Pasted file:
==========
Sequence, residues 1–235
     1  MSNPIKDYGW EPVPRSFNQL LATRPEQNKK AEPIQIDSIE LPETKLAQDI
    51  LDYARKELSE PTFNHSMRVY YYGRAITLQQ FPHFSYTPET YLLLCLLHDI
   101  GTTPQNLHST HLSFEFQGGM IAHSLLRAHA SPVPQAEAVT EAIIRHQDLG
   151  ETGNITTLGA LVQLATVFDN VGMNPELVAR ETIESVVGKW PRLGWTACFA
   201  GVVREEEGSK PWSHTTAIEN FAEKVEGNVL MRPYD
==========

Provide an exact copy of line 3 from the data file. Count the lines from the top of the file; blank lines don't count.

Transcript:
    51  LDYARKELSE PTFNHSMRVY YYGRAITLQQ FPHFSYTPET YLLLCLLHDI